Page 1240 - Week 04 - Wednesday, 9 April 2008

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If you go back and look at the budget papers, the savings in the first year were something less than $2 million, rising to $4 million and then $8 million and $16 million over the outyears.

Mr Barr: Each and every year.

MRS DUNNE: Mr Barr can interrupt all he likes but he does not like to hear the truth. If you go back and look at that, over the outyears over the life of the budget, there was $16 million worth of savings if Mr Barr had had his way and closed 39 schools. In the further years, there may have been—

Mr Mulcahy: On a point of order, Mr Assistant Speaker: the sentiment and discussion on education are interesting but we do have the Utilities (Network Facilities Tax) Repeal Bill here. We seem to be getting way out of the mainstream of discussion.

MR ASSISTANT SPEAKER (Mr Gentleman): Thank you, Mr Mulcahy.

MRS DUNNE: I hear what Mr Mulcahy says.

MR ASSISTANT SPEAKER: Thank you, Mrs Dunne.

MRS DUNNE: It is entirely relevant because it goes to the government’s capacity to manage and the government’s capacity to levy reasonable taxes. All of this goes back to the 2006 budget. In the 2006 budget Mr Barr promised savings across the life of the budget because of the school closures, if he closed 49 schools, of $16 million.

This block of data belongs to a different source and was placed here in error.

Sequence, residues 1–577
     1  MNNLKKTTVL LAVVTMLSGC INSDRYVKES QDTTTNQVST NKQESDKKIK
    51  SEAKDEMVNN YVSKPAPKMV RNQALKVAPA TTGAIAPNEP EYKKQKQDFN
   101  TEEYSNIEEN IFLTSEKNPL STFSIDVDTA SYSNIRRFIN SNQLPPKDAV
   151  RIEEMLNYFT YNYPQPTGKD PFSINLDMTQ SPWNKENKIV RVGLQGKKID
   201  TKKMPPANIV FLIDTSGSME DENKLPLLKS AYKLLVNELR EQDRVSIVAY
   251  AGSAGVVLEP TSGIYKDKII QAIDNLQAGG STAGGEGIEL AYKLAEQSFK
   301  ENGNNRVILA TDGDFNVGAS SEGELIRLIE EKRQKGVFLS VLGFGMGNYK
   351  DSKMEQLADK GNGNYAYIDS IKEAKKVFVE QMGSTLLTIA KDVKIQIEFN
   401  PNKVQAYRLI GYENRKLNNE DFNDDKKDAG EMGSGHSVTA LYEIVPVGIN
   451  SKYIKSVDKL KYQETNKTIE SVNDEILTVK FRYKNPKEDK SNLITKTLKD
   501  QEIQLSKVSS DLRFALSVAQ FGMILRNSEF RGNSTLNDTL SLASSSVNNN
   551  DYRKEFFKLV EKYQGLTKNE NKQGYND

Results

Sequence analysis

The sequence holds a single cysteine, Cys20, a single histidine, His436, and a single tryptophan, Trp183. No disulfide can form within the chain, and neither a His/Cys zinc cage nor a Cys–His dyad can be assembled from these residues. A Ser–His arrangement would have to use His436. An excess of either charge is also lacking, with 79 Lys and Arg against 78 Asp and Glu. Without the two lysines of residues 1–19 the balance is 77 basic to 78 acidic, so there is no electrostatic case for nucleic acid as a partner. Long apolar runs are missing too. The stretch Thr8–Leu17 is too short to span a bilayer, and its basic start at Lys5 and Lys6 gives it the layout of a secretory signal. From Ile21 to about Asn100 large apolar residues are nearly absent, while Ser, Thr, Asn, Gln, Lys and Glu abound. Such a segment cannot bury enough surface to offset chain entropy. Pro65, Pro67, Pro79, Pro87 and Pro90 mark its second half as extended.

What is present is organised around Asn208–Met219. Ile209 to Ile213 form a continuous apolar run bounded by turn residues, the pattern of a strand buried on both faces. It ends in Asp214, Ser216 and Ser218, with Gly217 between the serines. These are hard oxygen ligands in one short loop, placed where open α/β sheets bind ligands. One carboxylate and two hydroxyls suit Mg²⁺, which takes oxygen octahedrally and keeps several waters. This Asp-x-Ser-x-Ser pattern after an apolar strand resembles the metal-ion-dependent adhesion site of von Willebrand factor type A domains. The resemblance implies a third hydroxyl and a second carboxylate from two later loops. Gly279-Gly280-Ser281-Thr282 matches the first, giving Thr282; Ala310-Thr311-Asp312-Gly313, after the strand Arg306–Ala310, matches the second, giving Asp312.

Mr Barr: Sorry, say that again. How many schools?

MRS DUNNE: Sorry, 39 schools. We are clever, are we not? The final decision was to close 23 schools, so that the savings that the minister set out to achieve were unachievable because he did not close the quantum of schools that he wanted to. Mr Stefaniak, who had had experience of two—both the Alliance government and Liberal Party government—school closures, understood that the savings from closing a school were very small. As a result, Mr Barr—

MR ASSISTANT SPEAKER: Order, Mrs Dunne! I do need to bring you back to the point of this discussion, which is the Utilities (Network Facilities Tax) Repeal Bill, and remind you that that is the discussion we are having.

MRS DUNNE: The Utilities (Network Utilities Tax) Repeal Bill goes to the heart of the Stanhope government’s capacity to manage revenue and raise taxes. The proposals Mr Barr was allowed to wax long and lyrical about in relation to the supposed savings in the education budget and the hard decisions are illusory—non-existent. The hardship imposed by the Stanhope government on the people of Canberra, through initiatives like the utilities revenue tax proposal and the closure of schools, has been unwarranted and has not brought the benefits that this government claims that we would see.

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